Preheat oven to 350 degrees F., rack in the middle position.
1 and 1⁄2 cups softened butter (3 sticks, 3⁄4 pound, 12 ounces)
1 and 1⁄4 cups white (granulated) sugar
2 large eggs
1⁄2 teaspoon salt
2 teaspoons vanilla extract
1⁄4 cup unsweetened cocoa powder (I used Hershey’s)
2 and 1⁄4 cups all-purpose flour (pack it down in the cup when you measure it)
1 and 1⁄2 cups finely crushed plain regular potato chips (measure AFTER crushing. I used Lay’s, put them in a plastic zip-lock bag, and crushed them with my hands)
1 cup semi-sweet chocolate chips (I used Nestlé)
1⁄3 cup white (granulated) sugar for dipping
Hannah’s 1st Note: Use regular potato chips, the thin, salty ones. Don’t use baked chips, or rippled chips, or chips with the peels on, or kettle-fried, or flavored, or anything that’s supposed to be better for you than those wonderfully greasy, salty, old-fashioned, crunchy potato chips.
In a large mixing bowl, beat the butter, sugar, eggs, salt, and vanilla extract until the mixture is light and fluffy. (You can do this by hand, but it’s a lot easier with an electric mixer.)
Add the quarter-cup of unsweetened cocoa powder. Mix it in thoroughly.
Add the flour in half-cup increments, mixing well after each addition.
Add the crushed potato chips and mix well.
Take the bowl out of the mixer and add the semi- sweet chips by hand. Stir them in so that they are evenly distributed.
Form one-inch dough balls with your hands and place them on an UNGREASED cookie sheet, 12 to a standard-sized sheet. (As an alternative, you can line your cookie sheets with parchment paper.)
Place the sugar in a small bowl. Spray the flat bottom of a drinking glass with Pam or another nonstick cooking spray, dip it in the sugar, and use it to flatten each dough ball. (Dip the glass in the sugar for each cookie ball.)
Bake your cookies at 350 degrees F., for 10 to 12 minutes, or until the cookies are starting to turn golden at the edges. (Mine took the full 12 minutes.)
Let the Cocoa-Crunch Cookies cool on the cookie sheet for 2 minutes and then remove them to a wire rack to cool completely. (If you used parchment paper, all you have to do is pull it over to the wire rack and let the cookies cool right on the paper.)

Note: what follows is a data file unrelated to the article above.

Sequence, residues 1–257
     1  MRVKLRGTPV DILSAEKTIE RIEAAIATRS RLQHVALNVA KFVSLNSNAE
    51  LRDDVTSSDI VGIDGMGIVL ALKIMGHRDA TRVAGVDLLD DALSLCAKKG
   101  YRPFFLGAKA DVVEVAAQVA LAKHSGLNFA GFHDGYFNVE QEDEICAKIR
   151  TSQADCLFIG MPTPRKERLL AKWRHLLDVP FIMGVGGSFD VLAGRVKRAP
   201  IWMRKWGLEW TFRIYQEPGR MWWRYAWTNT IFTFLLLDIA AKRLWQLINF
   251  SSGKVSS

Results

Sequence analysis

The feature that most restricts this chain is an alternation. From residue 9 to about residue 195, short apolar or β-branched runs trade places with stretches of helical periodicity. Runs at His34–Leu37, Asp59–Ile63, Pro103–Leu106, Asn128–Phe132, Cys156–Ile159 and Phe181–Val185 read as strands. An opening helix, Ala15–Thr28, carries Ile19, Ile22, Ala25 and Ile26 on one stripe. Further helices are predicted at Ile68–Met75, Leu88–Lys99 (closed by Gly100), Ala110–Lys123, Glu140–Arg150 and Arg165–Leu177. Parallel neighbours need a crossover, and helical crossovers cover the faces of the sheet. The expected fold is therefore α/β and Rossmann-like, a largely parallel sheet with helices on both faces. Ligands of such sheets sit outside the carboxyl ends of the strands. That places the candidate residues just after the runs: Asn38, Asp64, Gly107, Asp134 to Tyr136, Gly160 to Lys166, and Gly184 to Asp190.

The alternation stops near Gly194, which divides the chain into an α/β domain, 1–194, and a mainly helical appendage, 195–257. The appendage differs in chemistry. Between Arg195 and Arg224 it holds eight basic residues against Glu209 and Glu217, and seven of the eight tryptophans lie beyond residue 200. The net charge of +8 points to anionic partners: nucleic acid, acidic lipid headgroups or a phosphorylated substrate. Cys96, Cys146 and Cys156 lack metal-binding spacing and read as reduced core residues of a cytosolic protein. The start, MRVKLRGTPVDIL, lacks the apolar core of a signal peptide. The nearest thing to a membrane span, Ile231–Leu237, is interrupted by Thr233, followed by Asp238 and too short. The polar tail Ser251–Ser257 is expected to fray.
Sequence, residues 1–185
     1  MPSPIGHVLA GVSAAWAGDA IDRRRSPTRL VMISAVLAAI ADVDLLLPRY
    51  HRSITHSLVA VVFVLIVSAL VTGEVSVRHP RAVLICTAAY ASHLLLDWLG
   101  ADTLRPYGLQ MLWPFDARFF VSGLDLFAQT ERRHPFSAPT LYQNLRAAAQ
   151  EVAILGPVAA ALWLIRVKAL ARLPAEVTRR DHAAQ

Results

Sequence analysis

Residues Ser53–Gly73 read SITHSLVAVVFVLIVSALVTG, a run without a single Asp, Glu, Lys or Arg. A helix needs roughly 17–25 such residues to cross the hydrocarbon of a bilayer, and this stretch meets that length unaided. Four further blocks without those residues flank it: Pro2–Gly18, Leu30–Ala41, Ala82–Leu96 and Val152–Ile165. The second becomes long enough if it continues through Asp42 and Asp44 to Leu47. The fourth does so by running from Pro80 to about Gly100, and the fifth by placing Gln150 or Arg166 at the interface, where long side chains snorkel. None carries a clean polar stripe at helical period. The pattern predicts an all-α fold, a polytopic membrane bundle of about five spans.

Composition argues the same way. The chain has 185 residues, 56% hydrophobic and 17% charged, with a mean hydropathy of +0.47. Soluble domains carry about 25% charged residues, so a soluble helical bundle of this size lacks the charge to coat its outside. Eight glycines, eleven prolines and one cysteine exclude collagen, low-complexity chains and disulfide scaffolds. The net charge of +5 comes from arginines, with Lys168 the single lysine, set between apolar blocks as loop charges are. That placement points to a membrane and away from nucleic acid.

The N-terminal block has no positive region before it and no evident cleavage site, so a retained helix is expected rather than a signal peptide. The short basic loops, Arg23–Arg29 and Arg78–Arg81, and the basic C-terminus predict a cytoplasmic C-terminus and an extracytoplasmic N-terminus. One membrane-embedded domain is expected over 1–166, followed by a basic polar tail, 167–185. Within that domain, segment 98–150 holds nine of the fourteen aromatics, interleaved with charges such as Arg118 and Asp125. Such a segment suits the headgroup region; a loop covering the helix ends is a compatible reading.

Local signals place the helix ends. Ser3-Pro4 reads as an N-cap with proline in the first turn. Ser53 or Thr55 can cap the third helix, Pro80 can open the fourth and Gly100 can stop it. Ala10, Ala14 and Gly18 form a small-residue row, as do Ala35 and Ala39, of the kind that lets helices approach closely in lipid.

Yield: Approximately 6 to 7 dozen crunchy, chocolate, shortbread-like cookies, depending on cookie size.
It’s Christmas many years ago, and topping young Hannah Swensen’s wish list is becoming the go-to baker in Lake Eden, Minnesota. But as Hannah finds out, revisiting holiday memories can be murder . . .
With her dream of opening The Cookie Jar taking shape, Hannah’s life matches the hectic December hustle and bustle in Lake Eden—especially when she agrees to help recreate a spectacular Christmas Ball from the past in honor of Essie Granger, an elderly local in hospice care. But instead of poring over decadent dessert recipes for the merry festivities, she instantly becomes enthralled by Essie’s old notebooks and the tale of a woman escaping danger on the streets of New York. Hannah’s surprised by Essie’s secret talent for penning crime fiction. She’s even more surprised when the story turns real. As Hannah prepares to run a bakery and move out of her mother’s house, it’ll be a true miracle if she can prevent another Yuletide disaster by solving a mystery as dense as a Christmas fruitcake . . .
Indulge In Joanne Fluke’s Criminally Delicious Hannah Swensen Mysteries!
Wedding Cake Murder
“There are plenty of Fluke’s trademark recipes on view here, and the New York trip and reality show frame give the episode a fresh twist.” —Booklist
Double Fudge Brownie Murder
“Lively . . . Add the big surprise ending, and fans will be more than satisfied.” —Publishers Weekly
Blackberry Pie Murder
“Lake Eden’s favorite baker, Hannah Swensen finds herself on the wrong end of a police investigation . . . in Fluke’s good-natured 19th installment.” —Kirkus Reviews
Red Velvet Cupcake Murder
“Culinary cozies don’t get any tastier than this winning series.” —Library Journal
“If your reading habits alternate between curling up with a good mystery or with a good cookbook, you ought to know about Joanne Fluke.” —The Charlotte Observer